Proteases of the neutrophil membrane represent an alternative fibrinolytic pathway to that mediated by plasmin

Doctoral Thesis


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University of Cape Town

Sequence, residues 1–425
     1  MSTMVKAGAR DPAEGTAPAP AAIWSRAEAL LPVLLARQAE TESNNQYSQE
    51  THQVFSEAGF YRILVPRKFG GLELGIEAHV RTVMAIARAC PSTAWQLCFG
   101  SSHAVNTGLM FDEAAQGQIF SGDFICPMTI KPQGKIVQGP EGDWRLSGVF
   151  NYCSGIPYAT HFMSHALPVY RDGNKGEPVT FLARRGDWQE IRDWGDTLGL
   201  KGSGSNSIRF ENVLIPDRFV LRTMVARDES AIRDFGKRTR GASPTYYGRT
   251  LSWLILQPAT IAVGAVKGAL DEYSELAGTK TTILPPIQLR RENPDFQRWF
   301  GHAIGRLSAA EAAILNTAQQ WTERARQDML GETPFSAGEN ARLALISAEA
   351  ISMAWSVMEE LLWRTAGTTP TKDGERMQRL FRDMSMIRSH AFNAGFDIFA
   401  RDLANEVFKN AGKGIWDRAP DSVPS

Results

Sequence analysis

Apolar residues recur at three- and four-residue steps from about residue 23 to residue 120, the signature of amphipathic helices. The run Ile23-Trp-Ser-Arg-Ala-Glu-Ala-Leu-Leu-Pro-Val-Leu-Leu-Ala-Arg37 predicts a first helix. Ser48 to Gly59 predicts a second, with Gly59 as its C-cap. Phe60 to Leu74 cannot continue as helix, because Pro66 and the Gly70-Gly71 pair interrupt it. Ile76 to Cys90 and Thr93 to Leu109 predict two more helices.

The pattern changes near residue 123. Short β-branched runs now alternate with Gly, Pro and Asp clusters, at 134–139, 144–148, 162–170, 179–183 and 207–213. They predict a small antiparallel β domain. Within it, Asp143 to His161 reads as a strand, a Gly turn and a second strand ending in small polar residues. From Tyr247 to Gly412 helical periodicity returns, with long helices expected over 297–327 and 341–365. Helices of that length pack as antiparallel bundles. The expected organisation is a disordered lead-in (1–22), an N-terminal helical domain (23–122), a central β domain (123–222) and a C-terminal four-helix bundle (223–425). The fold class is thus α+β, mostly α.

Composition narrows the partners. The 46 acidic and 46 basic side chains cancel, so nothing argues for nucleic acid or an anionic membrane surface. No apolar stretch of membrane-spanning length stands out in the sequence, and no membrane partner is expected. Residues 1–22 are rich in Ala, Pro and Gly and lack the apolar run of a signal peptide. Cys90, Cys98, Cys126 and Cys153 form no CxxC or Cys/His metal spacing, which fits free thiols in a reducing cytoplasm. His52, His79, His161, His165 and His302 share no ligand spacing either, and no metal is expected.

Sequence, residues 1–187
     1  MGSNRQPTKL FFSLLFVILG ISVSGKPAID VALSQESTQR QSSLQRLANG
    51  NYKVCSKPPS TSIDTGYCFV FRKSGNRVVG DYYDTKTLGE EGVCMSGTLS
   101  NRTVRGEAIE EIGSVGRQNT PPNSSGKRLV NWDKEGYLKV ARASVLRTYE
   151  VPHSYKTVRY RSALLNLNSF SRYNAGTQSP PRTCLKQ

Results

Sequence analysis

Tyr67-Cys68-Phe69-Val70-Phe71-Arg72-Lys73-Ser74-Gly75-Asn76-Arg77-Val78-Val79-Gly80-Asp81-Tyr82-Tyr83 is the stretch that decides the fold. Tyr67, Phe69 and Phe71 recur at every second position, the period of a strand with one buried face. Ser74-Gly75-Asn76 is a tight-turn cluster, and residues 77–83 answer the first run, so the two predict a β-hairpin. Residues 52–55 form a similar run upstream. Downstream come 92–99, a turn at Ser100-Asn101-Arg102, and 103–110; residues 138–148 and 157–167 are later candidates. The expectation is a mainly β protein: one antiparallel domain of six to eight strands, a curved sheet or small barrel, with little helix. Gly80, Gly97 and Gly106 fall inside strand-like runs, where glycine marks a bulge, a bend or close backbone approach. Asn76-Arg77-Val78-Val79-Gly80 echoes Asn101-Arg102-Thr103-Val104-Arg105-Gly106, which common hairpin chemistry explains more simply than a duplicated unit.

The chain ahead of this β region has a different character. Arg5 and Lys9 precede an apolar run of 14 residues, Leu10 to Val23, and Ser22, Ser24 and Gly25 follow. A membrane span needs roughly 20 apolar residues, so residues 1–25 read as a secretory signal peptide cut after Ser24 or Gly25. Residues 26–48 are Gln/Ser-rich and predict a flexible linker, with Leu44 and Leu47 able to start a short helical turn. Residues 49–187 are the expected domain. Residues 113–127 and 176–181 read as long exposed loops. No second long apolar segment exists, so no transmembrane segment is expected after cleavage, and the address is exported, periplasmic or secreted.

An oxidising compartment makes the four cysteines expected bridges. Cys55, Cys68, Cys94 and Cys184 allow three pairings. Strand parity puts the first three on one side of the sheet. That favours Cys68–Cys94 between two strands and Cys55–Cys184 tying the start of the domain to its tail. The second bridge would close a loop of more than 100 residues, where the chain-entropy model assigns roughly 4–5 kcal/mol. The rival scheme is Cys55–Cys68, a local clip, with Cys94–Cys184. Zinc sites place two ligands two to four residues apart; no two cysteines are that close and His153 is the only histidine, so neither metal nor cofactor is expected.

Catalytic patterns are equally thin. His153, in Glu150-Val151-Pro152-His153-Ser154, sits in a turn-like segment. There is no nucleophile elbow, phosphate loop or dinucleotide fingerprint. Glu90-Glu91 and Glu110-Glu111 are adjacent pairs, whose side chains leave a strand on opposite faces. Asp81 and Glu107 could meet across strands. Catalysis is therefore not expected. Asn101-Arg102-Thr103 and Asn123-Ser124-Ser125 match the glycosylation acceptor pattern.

The cellular components of the blood, which become associated with fibrin through specific cellular adhesive processes, play a significant role in the breakdown of fibrin. Fibrinolysis by elastase and cathepsin G, enzymes present within the azurophilic granules of the neutrophil, has previously been shown. Recent studies have demonstrated neutrophil-mediated fibrinogenolysis by a membrane-associated protease which suggests that proteases connected with the neutrophil membrane might also be capable of clot dissolution. Investigations showed that neutrophil-mediated clot lysis was effected by a membrane-associated serine protease that can be dissociated by SDS-PAGE to bands that migrate to apparent molecular weights of 501 kDa, 398 kDa, 316 kDa, 245 kDa and 209 kDa. This degradation was distinct from that produced by plasmin, neutrophil lysosomal enzymes and purified human neutrophil elastase and enhanced the action of plasmin in clot solubilization. Preincubation of neutrophils with monoclonal antibodies directed against the CD 11 c/CD 18 integrin was able to significantly inhibit neutrophil membrane-dependent fibrinolytic activity. Upregulation of enzyme activity occurred following association of fibrin substrate with the cell membrane and was dependent on the activation of cellular kinases, in particular protein kinase C. Fibrin products generated by neutrophil membrane proteolytic activity were found to possess biological activity. The low molecular weight peptides effected substantial inhibition of thrombin-induced platelet aggregation while the presence of the higher molecular weight material could partially overcome platelet-induced resistance to plasmic lysis. No modulation of platelet-mediated fibrin clot retraction was observed using these same fibrin products. Neutrophil lysosomal enzyme activity was shown to further degrade the end products of plasmic fibrin degradation into low molecular weight material, followed by reassembly of higher molecular weight products in a process dependent on calcium and factor XIII. The reformed products have a similar molecular weight to those produced by plasmic lysis of fibrin, as well as a putative crosslinked site. However, the isoelectric point of these reformed products indicates they are distinctly different from plasmin-derived fibrin products. These reassembled products were recognized by a monoclonal antibody raised against D-dimer. Processing by neutrophils of the end products of plasmic fibrin degradation may have the potential for modulating the immune response as well as compromising the predictive value of tests measuring D-dimer, used as a laboratory marker of a number of thromboembolic disorders encountered in clinical practice.